Is too much being made of Rory McIlroy’s remarkable runaway win at the U.S. Open yesterday? Is Padraig Harrington speaking in hyperbole when he says the Irish twenty-something could break Nicklaus’ record? I look at that in my Sympatico column that went live last night:
It may have taken a few more months than initially expected, but 22-year old Irishman Rory McIlroy closed out his victory at the U.S. Open in a fashion that could only be described as Tiger-like.
It was a blowout. A wash. A runaway. Along the way he shattered U.S. Open scoring records with ease. It was a dominating performance.
Whatever you want to call it, McIlroy showed that he learned from his implosion at The Masters just two months ago and is poised to become the most exciting player out of Europe since the Seve Ballesteros, also 22 at the time, announced his brilliance to the world in winning the 1979 British Open.
Golf has been waiting for a star to emerge from the shadow of the faded glory of Tiger Woods, and McIlroy with his class, youthful enthusiasm, and astounding abilities, appears to be exactly that. He has the impressive power of Woods and a game that suggests the possibility of greatness, but without the perfunctory attitude of his fallen peer. Instead he’s gracious about his success, never forgetting that his father once worked three jobs so his teenage son could afford to pursue his dream.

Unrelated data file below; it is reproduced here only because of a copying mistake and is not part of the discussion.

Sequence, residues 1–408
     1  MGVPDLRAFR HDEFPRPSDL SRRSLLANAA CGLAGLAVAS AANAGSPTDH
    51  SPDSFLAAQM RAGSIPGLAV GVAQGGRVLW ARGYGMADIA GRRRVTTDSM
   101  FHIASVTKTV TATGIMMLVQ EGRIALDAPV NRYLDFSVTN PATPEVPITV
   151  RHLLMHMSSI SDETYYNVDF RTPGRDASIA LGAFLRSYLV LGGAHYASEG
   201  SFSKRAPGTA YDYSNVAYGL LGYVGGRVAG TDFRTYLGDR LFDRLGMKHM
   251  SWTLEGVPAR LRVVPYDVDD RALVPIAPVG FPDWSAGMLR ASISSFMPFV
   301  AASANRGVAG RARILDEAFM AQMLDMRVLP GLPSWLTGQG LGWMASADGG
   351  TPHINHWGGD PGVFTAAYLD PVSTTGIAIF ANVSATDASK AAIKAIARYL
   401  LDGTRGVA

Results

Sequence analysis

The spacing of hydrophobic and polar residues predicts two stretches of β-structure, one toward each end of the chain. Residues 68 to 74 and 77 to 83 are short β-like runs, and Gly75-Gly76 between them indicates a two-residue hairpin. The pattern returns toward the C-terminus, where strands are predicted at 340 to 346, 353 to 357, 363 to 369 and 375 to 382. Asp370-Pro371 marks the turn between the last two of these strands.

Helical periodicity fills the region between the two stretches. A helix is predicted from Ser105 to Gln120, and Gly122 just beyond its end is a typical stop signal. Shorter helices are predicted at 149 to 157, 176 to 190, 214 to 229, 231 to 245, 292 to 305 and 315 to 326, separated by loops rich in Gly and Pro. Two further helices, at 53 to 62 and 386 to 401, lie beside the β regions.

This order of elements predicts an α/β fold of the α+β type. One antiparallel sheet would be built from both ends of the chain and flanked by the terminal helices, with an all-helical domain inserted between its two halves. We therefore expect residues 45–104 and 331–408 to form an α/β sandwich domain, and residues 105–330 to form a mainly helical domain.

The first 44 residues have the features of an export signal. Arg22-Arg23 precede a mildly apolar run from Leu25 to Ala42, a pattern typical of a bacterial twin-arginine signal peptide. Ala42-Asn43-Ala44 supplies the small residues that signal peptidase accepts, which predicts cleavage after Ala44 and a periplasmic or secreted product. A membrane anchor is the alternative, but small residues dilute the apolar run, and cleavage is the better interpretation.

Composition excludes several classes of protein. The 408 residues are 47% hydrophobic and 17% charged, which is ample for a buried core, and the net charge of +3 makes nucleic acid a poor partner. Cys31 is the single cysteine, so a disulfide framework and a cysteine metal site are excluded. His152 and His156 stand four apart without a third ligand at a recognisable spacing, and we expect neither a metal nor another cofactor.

McIlroy is close enough to his teenage dreams that he remembers practicing putts at Holywood Golf Club in Ireland while envisioning that if they fall, he’ll have won one of golf’s most prestigious titles.
“I’ve always dreamt about one day being a major champion, but to actually sit here and to be able to call yourself one is very nice,” he said in his modest and understated fashion. “All I wanted to do was play golf when I was growing up. I wanted to become the best that I could be.”
Now he is exactly that.